The disaster stricken Midnapore was reeling with loss of thousands of human lives and huge loss of crops. Instead of helping the calamitous people the Government and its bureaucracy, under the direct control of the Governor, struck further blows to the people by letting lose the reign of terror and harassment. Thousands of houses were burnt under the direct supervision of the district magistrate, N. M. Khan, it was said, and relief was withheld for the sin of the people for participating in the freedom movement. The magistrate, armed with the power of the rulers, refused to hear the counsel of the Minister, second in command. The position became such that Dr. Shyama Prasad Mookerjee submitted his resignation to the Governor, Sir John Herbert, on 16 November 1942. Soon after it the legitimate Government of Fazl-ul-Haq was dismissed and the governance was handed over to the worst rulers of Bengal who were born to divide the country in collaboration with the foreign rulers. Shyama Prasad’s resignation was not only for the debacle in Bengal but in a situation when the India Government did not accept his plan of granting independence to India with the ulterior motive of dividing the country with the support of those who were chosen to lead the Independent but divided India.

The situation further deteriorated because of the threat of Subhas Chandra Bose’s entering the country with Japanese forces. The colonialists for fear of losing their colony to the neo-colonialists took devastating actions against the people making the cyclone hit famine a great weapon to reduce the people to poverty stricken mass, making them emaciated to the extreme degree so that they would not dare to support their incoming hero, if by chance he would enter.

The traitors to Subhash Chandra inside and outside the country forgot that he was the greatest of patriots in India then and afterwards, thought Rano. He gathered further knowledge later that due to occupation of Burma by the Axis forces import of rice for Bengal was reduced by 25 per cent as per record and due to war condition the rulers diverted the food grains and all sorts of foods towards war emergency stocks by following a policy of denial to revolting Bengal.

The poorest sections of the city dwellers along with the villagers suffered the most. The people in the villages selling their home and hearth, cattle and chattel, moving to the great city of British fame, Calcutta, hoping to slake their thirst and satisfy their hunger died in turn in thousands. The middle class city dwellers somehow managed to gobble up two square meals a day. Certainly the purchasing powers were not matching the price line in a famine stricken war time crisis when the rulers deliberately tried to keep the citizens famished as a matter of revenge. But it was not only a question of purchasing power only, as the economist has suggested. Certainly the supply side of food items was reduced to a great extent thereby not allowing all to get food even if they had adequate purchasing power. So Rano agreed with some others that it was a “Man made Famine‟ helped by Nature.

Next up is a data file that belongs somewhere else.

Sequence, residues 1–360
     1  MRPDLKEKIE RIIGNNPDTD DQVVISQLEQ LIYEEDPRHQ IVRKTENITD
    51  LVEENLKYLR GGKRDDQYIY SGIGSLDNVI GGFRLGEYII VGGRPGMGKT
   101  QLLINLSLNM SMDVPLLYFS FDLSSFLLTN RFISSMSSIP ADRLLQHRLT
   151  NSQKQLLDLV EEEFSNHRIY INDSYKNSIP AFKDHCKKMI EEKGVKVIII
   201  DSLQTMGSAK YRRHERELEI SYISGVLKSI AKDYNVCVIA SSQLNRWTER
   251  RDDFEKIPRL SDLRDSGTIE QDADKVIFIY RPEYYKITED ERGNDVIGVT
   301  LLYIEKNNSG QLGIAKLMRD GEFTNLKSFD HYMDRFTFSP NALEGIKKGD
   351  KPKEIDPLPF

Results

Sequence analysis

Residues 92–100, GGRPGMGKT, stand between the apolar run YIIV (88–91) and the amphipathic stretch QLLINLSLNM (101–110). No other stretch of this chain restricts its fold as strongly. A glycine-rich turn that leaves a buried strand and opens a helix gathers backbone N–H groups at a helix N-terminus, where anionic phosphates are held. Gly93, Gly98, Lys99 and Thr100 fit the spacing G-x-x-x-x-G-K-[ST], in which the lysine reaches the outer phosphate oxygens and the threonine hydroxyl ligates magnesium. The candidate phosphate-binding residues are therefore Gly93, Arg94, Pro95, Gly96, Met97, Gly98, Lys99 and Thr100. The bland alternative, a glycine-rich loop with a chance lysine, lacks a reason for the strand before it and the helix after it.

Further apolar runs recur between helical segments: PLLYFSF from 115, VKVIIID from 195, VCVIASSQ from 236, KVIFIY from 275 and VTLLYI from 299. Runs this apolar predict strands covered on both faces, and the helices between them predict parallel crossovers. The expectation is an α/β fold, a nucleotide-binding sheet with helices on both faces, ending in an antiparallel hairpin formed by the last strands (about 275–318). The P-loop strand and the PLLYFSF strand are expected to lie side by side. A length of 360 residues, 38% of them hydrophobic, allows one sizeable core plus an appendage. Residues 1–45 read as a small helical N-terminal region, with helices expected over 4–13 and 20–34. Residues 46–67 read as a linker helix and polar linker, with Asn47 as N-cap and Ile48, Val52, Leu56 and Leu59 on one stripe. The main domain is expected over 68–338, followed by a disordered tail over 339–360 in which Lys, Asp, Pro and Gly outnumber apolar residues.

Coming to the political front Rano considered that the situation was worst matching the natural calamity. The hero of Cripps Mission, Sir Stafford Cripps, was refused when he proposed to go ahead with his policy of giving freedom to India with dominion status. Sri Aurobindo welcomed Cripps and sent his emissary to the leaders to accept the condition for the time being, hoping that the threatened partition might thus be avoided but M. K. Gandhi decided to launch his “Karenge ye Marenge‟ or “Quit India‟ movement, determined to drive the British out of the country. It is to be remembered that many like Sri Aurobindo had wanted full freedom or “Purna Swaraj‟ long before this call, even so long back as in 1906,. But he retired from active politics in 1910.